Advisory panel to study declining enrollment
To address declining enrollment and other critical issues, the Tahoe Truckee school board last week agreed to create a citizen’s committee to study restructuring of the district’s North Shore schools.
“We are forming a committee to look at how to maximize all our facilities on the lake-side of the district so that we can best serve all our children,” board President Kristy Olk said Tuesday in an e-mail.
On Thursday, the district sent letters to parents and other parties, informing them of the committee’s creation, and inviting them to participate.
At last week’s meeting, the Tahoe Truckee Unified School District board of trustees voted to retain consultant Carol Brush to help form a Restructuring and Reconfiguration Advisory Committee for the district’s four Tahoe Basin schools.
The committee will focus on staffing, enrollment, resources and curriculum at North Tahoe Middle School, North Tahoe High School, Tahoe Lake Elementary and Kings Beach Elementary.
“North Tahoe Middle did not make their [Adequate Yearly Progress] this year, putting them in six years of [Program Improvement],” said district consultant Brush. “The board asked us for this.”
The Federal No Child Left Behind Act defines Adequate Yearly Progress, a growth target, by the results of standardized testing, according to previous comments by district Director of Curriculum Jessamy Lasher.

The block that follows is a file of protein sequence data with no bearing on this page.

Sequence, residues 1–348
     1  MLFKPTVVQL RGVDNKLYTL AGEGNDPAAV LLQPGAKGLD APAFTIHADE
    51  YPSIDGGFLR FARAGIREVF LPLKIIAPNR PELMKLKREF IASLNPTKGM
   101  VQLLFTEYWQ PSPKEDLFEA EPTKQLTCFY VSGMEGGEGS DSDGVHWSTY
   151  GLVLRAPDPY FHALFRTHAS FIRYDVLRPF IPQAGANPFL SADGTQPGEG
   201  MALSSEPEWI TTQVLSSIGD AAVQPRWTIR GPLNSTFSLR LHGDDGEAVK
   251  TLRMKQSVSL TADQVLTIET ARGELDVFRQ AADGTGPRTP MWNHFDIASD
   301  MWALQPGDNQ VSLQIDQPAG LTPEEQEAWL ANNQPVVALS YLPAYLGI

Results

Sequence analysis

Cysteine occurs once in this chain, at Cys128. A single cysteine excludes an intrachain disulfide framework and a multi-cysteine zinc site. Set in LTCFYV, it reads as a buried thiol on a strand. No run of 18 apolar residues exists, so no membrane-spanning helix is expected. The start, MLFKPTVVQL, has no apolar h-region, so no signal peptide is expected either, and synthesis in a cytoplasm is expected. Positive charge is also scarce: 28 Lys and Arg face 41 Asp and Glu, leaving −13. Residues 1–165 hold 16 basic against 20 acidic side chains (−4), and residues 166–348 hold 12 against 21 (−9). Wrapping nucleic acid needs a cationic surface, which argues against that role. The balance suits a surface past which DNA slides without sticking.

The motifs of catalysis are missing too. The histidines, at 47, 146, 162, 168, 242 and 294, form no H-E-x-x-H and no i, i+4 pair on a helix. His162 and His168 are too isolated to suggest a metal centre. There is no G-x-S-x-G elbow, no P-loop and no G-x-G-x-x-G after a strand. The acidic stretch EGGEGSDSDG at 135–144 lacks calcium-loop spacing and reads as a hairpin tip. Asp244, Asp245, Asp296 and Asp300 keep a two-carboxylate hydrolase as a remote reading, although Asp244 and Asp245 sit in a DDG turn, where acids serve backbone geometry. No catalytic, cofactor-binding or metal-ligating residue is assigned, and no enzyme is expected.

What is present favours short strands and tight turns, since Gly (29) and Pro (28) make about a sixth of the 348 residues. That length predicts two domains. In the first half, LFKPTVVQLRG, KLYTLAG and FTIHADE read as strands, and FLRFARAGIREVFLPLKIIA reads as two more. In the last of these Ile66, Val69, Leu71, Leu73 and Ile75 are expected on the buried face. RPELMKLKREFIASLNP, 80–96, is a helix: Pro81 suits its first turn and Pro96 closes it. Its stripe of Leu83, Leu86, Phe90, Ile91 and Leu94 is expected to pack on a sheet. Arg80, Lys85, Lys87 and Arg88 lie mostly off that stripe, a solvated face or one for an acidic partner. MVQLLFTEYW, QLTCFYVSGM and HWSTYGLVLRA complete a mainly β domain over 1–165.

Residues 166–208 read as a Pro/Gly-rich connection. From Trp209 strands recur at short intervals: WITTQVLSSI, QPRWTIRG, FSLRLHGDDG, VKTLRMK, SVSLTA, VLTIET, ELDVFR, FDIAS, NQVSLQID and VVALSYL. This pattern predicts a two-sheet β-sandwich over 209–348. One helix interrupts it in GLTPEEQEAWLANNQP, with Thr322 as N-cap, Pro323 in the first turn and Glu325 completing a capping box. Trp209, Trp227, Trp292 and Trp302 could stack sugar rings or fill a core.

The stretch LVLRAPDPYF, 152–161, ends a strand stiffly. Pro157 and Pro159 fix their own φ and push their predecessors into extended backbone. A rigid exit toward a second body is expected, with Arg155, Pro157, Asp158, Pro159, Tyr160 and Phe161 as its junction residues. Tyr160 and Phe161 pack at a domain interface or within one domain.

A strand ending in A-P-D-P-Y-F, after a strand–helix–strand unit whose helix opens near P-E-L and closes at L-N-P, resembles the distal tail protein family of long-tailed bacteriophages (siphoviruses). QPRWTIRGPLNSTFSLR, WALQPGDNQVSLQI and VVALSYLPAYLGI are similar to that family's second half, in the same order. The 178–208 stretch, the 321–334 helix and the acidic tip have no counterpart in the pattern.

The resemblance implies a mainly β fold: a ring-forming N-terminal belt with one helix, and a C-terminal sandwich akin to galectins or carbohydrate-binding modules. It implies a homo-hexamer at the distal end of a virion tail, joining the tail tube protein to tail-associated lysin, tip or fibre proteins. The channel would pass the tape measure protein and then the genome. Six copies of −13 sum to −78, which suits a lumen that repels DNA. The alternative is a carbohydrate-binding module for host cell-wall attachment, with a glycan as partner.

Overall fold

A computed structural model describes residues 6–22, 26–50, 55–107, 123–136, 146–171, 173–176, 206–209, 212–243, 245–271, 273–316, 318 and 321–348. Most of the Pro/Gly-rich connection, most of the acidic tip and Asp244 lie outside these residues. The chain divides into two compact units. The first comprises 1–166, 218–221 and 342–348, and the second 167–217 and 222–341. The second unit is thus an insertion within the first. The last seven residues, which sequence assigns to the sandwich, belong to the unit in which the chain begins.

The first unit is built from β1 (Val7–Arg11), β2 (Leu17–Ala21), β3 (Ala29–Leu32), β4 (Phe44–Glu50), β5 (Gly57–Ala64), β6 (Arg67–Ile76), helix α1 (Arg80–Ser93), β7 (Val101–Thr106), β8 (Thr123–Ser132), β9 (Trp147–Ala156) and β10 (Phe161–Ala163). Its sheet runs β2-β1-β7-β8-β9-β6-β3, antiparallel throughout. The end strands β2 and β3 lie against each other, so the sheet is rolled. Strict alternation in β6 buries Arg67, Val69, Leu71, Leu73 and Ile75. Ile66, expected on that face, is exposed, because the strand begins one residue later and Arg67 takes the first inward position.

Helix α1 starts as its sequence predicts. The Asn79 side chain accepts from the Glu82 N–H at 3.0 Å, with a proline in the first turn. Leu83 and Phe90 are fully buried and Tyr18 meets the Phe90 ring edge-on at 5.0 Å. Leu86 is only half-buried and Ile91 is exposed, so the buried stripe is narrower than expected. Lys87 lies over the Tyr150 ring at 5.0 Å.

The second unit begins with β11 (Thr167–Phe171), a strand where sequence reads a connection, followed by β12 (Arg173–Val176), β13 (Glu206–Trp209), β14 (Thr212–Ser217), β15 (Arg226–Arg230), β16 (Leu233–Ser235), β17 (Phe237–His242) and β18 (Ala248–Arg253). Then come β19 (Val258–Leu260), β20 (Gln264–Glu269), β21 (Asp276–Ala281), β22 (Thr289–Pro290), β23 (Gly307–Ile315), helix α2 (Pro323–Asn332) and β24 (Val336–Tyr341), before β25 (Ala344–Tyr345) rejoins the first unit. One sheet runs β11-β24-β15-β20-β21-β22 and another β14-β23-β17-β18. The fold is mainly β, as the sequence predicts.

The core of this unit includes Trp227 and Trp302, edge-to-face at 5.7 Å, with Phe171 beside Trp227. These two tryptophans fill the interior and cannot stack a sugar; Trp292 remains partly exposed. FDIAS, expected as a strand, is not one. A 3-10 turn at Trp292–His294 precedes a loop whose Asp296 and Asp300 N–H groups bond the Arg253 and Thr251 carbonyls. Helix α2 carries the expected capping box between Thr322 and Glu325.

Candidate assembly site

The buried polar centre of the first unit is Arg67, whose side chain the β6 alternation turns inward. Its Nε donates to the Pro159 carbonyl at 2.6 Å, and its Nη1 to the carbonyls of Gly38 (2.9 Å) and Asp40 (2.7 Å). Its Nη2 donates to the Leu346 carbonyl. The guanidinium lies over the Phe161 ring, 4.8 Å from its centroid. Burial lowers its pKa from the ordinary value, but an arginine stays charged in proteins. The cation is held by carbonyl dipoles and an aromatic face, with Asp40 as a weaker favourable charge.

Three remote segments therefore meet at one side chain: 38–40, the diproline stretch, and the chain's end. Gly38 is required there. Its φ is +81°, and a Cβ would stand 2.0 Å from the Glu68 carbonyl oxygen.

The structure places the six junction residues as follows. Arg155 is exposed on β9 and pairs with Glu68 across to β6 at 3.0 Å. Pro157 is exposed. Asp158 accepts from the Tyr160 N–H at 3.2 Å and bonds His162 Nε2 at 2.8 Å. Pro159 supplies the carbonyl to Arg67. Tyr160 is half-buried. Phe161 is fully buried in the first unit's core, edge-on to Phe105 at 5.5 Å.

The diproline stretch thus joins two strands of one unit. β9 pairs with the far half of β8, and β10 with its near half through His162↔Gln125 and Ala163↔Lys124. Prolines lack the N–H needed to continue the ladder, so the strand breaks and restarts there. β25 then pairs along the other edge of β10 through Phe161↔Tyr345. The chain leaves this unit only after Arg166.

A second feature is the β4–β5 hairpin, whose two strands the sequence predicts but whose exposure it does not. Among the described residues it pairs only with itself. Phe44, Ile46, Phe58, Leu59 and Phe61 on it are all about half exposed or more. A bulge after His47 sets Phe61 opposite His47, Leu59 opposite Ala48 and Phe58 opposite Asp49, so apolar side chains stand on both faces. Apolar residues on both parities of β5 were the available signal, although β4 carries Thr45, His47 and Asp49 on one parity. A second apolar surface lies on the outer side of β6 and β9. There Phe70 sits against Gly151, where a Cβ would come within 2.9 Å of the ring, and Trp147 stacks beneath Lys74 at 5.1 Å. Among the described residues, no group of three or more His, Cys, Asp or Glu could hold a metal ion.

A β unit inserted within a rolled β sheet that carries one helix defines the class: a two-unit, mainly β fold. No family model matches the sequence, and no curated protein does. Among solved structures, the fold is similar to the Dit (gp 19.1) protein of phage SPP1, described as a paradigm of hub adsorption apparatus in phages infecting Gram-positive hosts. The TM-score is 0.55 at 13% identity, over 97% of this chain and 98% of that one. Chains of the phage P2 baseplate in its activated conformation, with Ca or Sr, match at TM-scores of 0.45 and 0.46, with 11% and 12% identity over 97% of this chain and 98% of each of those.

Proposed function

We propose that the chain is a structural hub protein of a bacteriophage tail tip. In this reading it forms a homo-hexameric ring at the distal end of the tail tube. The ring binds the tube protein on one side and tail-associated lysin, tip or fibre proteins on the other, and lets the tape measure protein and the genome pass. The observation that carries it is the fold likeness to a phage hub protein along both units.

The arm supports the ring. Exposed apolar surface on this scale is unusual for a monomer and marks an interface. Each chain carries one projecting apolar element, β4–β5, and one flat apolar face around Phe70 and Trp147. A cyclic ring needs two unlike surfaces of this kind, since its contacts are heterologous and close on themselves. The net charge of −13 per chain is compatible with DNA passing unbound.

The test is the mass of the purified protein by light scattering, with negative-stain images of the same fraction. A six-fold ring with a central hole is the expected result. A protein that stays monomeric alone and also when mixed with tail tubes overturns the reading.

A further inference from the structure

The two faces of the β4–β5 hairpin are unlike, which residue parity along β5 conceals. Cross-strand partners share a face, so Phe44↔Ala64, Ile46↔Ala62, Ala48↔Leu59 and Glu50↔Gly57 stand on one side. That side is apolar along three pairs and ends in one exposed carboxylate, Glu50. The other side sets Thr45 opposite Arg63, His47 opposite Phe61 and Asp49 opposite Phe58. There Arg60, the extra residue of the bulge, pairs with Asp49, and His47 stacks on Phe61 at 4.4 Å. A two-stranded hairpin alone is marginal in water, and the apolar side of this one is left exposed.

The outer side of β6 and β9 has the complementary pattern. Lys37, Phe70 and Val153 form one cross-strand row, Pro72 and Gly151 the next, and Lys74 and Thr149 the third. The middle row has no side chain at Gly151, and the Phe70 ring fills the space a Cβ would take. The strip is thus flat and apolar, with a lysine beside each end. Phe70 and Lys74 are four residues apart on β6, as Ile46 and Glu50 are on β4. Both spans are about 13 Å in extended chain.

The changes called for by the federal law differ from the kind of restructuring the soon-to-be-formed advisory committee may recommend, said North Tahoe Middle School Principal Teresa Rensch.
“This direction comes from declining enrollment,” Rensch said.
The reconfiguration committee will evaluate whether the schools “are being as economically efficient as we can be, with the new building and all of the resources that we have,” Rensch explained.
The letter the district released Thursday cites as a goal of the committee to restructure “Kings Beach Elementary School consistent with the federal requirements found in No Child Left Behind.”
The current status of the North Shore grade school is “on hold,” after improved test scores lifted them out of the need-to-improve category.
Despite the school’s popular dual-immersion program, the district has faced the challenge of raising the test scores of the school’s nonnative English-speakers. The restructuring committee will “address the high concentration of English Learner students in specific schools,” according to Brush’s letter.
The board has set forth several goals for the committee, which is scheduled to begin meeting in November. The adopted timeline asks the committee to produce a report to the trustees by March 2008.
The board agreed to compensate participants $500 apiece. Once formed, the committee will serve in an advisory role to the board.
“This is an exploratory group to get pros and cons for the school board,” Brush said.
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